We are thinking about poetry a lot this week because 1 October was National Poetry Day. Despite the DfE policy above, my sense is that poetry is actually on the ascendant, in many forms, across UK schools. You may have encountered Kate Clanchy, writer in residence at Oxford Spires, who has been publishing poetry from her school. Some of these poems were published in the national press mid-results debacle, as illustrations of times when Clanchy’s poets had been marked down by external moderators. It seems an odd thing to me anyway, marking poetry. I confess that in the days when I taught and assessed poetry, I shied away from putting a mark on the boys’ own poetry, preferring to give a grade for technical analysis, while leaving the boys’ emotions unmeasured. You will also be aware of Dr Gallagher’s passion for poetry, as illustrated in the poems of the week we have enjoyed, especially during lockdown when poems were a much-needed salve among the uncertainty of a pandemic. I would like to thank all of my colleagues who greeted National Poetry Day with such enthusiasm, and especially Mrs Hess for once again marking a literary festival with such imagination and commitment.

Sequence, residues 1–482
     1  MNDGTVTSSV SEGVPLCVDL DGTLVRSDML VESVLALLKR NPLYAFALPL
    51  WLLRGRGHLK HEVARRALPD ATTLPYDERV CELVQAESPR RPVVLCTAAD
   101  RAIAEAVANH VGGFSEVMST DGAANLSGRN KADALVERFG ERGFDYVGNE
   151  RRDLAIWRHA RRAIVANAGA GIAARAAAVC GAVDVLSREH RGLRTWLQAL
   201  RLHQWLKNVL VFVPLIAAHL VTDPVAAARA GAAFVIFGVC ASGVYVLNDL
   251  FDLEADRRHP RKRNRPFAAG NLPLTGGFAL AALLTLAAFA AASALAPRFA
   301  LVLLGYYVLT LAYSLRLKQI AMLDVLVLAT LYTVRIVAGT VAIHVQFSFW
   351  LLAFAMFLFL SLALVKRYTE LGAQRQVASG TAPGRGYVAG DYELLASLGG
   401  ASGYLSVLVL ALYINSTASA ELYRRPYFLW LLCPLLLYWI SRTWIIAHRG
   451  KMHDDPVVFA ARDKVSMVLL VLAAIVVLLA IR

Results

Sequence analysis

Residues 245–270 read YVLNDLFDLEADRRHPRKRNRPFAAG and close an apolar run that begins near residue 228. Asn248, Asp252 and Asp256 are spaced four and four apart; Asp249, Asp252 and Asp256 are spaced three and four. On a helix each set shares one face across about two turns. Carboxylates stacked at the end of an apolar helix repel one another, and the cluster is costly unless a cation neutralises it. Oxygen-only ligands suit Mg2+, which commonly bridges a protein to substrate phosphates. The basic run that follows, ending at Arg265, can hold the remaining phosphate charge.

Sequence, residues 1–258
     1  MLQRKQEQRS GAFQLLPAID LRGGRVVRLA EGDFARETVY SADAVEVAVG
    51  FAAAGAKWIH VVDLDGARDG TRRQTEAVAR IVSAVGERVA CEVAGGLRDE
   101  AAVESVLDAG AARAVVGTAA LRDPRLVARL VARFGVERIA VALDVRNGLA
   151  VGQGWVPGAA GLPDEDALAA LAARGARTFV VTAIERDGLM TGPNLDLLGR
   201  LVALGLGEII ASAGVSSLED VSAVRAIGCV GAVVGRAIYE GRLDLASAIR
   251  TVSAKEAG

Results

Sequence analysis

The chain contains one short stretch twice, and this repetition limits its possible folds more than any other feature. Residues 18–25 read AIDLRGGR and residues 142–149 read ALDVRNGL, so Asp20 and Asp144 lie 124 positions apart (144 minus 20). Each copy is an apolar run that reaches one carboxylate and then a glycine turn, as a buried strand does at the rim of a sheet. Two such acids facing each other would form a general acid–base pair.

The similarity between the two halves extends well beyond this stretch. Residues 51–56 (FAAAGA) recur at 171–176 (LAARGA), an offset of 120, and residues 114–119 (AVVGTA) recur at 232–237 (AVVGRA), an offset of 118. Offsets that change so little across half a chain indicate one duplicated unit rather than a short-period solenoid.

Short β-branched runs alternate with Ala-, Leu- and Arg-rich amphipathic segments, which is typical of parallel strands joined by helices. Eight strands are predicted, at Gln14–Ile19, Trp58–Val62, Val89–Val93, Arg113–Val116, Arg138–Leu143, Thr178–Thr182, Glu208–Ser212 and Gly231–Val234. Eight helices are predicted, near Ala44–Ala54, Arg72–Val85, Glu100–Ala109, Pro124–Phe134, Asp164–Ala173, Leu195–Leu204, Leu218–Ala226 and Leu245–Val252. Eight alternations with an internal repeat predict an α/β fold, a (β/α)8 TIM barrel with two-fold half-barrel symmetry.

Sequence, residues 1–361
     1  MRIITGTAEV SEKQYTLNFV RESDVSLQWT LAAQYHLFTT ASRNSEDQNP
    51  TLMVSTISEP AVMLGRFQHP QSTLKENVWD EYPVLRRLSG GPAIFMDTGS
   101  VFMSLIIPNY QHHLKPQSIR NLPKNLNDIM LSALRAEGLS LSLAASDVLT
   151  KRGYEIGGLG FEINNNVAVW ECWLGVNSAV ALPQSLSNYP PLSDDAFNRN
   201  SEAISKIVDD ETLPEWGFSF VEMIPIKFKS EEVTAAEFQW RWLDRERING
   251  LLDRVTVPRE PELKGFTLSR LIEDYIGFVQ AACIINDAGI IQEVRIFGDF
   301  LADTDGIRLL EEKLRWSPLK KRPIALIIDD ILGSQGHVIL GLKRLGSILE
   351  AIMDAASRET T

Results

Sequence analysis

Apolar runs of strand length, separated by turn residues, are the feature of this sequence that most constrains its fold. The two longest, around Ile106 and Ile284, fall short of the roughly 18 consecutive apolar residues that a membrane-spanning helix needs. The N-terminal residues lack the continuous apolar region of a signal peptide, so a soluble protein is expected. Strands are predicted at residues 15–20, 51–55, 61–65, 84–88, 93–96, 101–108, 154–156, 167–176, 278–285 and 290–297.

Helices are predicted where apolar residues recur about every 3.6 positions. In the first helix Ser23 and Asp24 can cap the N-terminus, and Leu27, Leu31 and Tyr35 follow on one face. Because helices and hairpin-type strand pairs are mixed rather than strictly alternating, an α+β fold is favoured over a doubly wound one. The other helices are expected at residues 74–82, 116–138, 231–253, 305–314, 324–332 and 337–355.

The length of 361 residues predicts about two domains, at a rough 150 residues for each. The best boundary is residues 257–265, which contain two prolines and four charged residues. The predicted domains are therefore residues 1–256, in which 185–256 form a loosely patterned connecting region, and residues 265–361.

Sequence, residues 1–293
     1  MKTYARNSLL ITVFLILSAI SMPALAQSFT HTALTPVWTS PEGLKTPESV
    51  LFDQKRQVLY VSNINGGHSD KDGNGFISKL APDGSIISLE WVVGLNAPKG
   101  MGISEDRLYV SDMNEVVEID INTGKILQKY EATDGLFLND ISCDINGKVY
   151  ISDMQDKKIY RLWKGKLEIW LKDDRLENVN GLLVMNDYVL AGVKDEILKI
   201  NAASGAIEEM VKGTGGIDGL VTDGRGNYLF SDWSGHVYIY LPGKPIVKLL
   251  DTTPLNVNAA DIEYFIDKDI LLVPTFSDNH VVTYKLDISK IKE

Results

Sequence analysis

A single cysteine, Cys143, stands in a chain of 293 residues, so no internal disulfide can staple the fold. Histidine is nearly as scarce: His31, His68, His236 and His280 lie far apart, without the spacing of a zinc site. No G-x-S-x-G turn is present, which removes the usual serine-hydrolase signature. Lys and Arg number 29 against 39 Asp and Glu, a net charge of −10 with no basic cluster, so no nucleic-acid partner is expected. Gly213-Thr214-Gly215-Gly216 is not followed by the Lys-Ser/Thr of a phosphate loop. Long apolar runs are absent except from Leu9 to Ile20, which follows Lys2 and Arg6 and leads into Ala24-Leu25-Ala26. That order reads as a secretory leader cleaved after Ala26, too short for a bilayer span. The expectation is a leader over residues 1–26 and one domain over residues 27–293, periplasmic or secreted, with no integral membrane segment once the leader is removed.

Investigating digestion in Year 8 Science; Reception and the Harvest Festival collection